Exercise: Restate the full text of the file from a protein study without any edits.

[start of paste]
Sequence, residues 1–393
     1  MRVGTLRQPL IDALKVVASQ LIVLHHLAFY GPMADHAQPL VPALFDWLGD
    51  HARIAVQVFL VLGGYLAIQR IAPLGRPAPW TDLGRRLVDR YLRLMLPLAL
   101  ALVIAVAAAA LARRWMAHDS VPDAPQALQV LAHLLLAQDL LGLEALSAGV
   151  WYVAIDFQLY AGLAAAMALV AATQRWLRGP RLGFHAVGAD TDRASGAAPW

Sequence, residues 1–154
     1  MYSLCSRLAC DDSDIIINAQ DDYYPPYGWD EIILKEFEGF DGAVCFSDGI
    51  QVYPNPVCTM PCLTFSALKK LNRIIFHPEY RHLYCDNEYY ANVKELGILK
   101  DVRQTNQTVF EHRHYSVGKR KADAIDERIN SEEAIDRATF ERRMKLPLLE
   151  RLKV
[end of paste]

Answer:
Sequence, residues 1–393
     1  MRVGTLRQPL IDALKVVASQ LIVLHHLAFY GPMADHAQPL VPALFDWLGD
    51  HARIAVQVFL VLGGYLAIQR IAPLGRPAPW TDLGRRLVDR YLRLMLPLAL
   101  ALVIAVAAAA LARRWMAHDS VPDAPQALQV LAHLLLAQDL LGLEALSAGV
   151  WYVAIDFQLY AGLAAAMALV AATQRWLRGP RLGFHAVGAD TDRASGAAPW

Sequence, residues 1–154
     1  MYSLCSRLAC DDSDIIINAQ DDYYPPYGWD EIILKEFEGF DGAVCFSDGI
    51  QVYPNPVCTM PCLTFSALKK LNRIIFHPEY RHLYCDNEYY ANVKELGILK
   101  DVRQTNQTVF EHRHYSVGKR KADAIDERIN SEEAIDRATF ERRMKLPLLE
   151  RLKV